NSW Auditor-General's Report on Health 2017


The NSW Audit Office has released its annual report on the results of the financial audits of entities in the NSW health cluster for the year ended 30 June 2017

The Audit Office conducts financial audits of State public sector agencies’ financial statements to ensure there is sound financial management. The reports may comment on financial prudence, probity and waste, and recommend operational improvements. They also examine whether an agency is carrying out its activities effectively and doing so economically and efficiently and in compliance with relevant laws.

The report is structured into two chapters focusing on financial reporting and controls and service delivery.

The Executive summary is reproduced below

1.         Financial reporting and controls

Financial reporting - all health cluster entities received unqualified audit opinions and the quality of financial reporting remains high across the cluster. Early close procedures were largely completed and all financial statements were submitted by the deadlines.

Financial performance - overall, NSW Health recorded an operating surplus of $407 million in 2016–17. Eleven local health districts/specialty networks recorded operating deficits in 2016–17, four more than 2015–16. Expenses across NSW Health increased by 4.4 per cent in 2016–17 (6.0 per cent in 2015–16), lower than the expected long term annual expense growth rate.

Excessive annual leave - managing excess annual leave is a continual challenge for NSW Health, with thirty–five per cent of the workforce having excessive balances.

Overtime payments - NSW Health entities are generally managing overtime well; however, NSW Ambulance’s overtime payments, $74.6 million in 2016–17, remain significantly higher than other health entities.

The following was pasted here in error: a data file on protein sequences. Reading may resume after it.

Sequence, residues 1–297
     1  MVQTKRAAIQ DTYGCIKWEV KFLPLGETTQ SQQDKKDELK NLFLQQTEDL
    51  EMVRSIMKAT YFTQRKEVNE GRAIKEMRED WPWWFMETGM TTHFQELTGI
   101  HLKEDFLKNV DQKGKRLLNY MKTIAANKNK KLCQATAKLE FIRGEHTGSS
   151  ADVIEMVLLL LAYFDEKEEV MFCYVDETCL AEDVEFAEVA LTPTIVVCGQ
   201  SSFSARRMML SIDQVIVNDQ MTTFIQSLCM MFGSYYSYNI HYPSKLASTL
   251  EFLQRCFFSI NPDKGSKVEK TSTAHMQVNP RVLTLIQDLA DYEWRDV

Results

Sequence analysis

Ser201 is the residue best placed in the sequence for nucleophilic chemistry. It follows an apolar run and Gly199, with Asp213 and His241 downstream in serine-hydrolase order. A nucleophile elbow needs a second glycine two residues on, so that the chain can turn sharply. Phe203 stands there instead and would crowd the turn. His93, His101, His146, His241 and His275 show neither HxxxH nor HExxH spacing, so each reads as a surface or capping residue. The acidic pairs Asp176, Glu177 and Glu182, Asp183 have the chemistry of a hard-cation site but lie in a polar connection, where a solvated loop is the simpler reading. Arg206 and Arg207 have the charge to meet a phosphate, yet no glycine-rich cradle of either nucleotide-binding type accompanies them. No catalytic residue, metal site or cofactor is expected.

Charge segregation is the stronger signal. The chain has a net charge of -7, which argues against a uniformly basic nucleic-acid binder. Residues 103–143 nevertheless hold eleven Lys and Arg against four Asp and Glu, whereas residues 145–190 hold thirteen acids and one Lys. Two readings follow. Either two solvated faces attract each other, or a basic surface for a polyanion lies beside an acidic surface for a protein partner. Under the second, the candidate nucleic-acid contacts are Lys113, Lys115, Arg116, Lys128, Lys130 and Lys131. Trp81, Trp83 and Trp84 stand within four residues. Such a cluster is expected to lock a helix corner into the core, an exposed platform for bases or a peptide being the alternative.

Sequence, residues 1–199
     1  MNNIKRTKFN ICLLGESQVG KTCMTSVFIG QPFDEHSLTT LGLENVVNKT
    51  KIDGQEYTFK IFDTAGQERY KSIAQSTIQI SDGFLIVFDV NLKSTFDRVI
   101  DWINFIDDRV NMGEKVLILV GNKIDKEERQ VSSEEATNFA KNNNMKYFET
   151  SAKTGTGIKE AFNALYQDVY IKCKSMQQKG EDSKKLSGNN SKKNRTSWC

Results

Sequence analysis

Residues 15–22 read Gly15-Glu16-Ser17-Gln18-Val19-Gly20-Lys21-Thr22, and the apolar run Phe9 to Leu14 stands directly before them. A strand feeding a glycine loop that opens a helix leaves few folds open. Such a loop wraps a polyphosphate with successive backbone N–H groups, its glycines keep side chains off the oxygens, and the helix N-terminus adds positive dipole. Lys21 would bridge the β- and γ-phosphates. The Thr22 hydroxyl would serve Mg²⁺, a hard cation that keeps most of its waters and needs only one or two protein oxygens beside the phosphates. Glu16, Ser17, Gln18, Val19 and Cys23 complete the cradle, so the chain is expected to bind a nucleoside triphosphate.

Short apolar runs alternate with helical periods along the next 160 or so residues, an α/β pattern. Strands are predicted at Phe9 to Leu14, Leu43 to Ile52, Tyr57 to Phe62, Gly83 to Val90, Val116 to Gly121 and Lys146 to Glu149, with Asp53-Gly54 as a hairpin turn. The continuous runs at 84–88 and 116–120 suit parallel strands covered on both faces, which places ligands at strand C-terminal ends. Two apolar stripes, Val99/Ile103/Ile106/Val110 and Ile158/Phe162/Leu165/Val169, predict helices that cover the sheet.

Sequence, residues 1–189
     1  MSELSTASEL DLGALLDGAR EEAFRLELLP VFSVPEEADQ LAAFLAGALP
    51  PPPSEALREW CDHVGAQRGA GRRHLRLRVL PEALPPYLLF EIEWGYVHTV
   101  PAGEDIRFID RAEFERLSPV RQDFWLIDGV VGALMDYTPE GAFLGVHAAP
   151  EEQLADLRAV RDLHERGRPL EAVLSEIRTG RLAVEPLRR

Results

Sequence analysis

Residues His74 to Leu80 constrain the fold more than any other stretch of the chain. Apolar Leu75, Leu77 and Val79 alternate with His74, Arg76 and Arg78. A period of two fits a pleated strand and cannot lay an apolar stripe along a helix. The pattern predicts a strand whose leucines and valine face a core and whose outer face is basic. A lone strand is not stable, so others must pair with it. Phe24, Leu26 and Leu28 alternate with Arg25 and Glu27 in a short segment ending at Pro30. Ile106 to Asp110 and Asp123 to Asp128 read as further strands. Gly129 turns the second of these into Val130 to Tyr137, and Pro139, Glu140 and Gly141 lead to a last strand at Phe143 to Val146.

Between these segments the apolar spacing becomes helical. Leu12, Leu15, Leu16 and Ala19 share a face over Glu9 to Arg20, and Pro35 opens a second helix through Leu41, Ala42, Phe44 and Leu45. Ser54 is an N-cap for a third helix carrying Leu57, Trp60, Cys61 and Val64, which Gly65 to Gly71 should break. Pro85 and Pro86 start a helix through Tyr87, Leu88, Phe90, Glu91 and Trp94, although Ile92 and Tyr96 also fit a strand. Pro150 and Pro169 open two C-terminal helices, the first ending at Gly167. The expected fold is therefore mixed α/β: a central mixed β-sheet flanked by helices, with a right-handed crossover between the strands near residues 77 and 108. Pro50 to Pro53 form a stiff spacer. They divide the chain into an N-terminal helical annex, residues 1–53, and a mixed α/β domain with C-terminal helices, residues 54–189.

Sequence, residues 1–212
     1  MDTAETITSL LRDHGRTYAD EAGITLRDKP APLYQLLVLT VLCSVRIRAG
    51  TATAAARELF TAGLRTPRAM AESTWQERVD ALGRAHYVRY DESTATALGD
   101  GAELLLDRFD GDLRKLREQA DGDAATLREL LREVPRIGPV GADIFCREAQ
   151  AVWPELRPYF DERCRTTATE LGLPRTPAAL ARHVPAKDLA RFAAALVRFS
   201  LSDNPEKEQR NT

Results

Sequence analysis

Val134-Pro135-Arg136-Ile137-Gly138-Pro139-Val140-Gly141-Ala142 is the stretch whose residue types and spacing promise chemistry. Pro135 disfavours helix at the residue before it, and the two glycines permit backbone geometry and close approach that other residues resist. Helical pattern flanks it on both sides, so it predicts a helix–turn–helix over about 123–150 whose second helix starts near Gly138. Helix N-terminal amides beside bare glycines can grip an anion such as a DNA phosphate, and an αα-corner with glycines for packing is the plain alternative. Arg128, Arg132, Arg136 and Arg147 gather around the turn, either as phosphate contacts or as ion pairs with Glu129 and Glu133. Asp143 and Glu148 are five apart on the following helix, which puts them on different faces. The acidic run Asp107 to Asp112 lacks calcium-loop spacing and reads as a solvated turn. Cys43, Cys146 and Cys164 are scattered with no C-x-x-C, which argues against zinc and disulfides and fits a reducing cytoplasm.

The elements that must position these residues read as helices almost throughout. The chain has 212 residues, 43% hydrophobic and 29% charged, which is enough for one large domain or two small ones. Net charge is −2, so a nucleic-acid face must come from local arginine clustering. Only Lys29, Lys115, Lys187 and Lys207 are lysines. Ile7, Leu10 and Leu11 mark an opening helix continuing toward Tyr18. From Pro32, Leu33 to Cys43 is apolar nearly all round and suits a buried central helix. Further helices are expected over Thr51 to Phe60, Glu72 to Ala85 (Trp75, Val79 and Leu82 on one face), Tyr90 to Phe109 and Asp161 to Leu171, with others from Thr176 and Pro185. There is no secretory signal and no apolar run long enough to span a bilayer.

Time and leave recording practices - unapproved employee timesheets continue to be a problem for health entities. Weak timesheet approval controls increase the risk of staff claiming and being paid for hours they have not worked. There is also an increased risk of high volumes of roster adjustments, manual pays, salary overpayments and leave not being recorded accurately.

2.         Service delivery

Service agreements - most of the service agreements between the Secretary of NSW Health and health entities were signed earlier than prior years.

Performance monitoring - five NSW Health entities are not meeting the Ministry of Health’s performance expectations at 30 June 2017.

Emergency department performance - data provided by the Ministry indicates NSW Health again, on average, met emergency department triage response time targets across all triage categories for the fourth consecutive year.

Ambulance response times - data provided by the Ministry shows NSW Ambulance response times for imminently life-threatening incidents of 7.5 minutes in 2016–17 was within the Ministry’s target of 10 minutes. Data provided by the Ministry indicates NSW Ambulance response times for potentially life-threatening incidents did not improve in 2016–17. The median response time of 11.1 minutes in 2016–17 was similar to 2015–16 (11 minutes). This is despite the number of Priority 1 responses reducing by 4.3 per cent.

Unplanned hospital re admissions - data provided by the Ministry shows eight local health districts achieved the Ministry of Health’s unplanned hospital re admissions target in 2016–17. The target is for local health districts to reduce re admission rates from the previous financial year.
Please click here to access a PDF copy of the full Report. 

The NSW Audit Office’s Media Release can be downloaded by clicking here.